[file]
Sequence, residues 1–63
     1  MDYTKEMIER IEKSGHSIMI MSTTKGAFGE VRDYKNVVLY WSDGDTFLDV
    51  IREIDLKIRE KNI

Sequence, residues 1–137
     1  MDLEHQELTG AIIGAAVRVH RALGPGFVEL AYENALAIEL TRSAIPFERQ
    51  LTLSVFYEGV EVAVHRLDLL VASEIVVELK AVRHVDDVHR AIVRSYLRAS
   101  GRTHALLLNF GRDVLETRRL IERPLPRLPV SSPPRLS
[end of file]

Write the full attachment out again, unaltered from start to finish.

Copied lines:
Sequence, residues 1–63
     1  MDYTKEMIER IEKSGHSIMI MSTTKGAFGE VRDYKNVVLY WSDGDTFLDV
    51  IREIDLKIRE KNI

Sequence, residues 1–137
     1  MDLEHQELTG AIIGAAVRVH RALGPGFVEL AYENALAIEL TRSAIPFERQ
    51  LTLSVFYEGV EVAVHRLDLL VASEIVVELK AVRHVDDVHR AIVRSYLRAS
   101  GRTHALLLNF GRDVLETRRL IERPLPRLPV SSPPRLS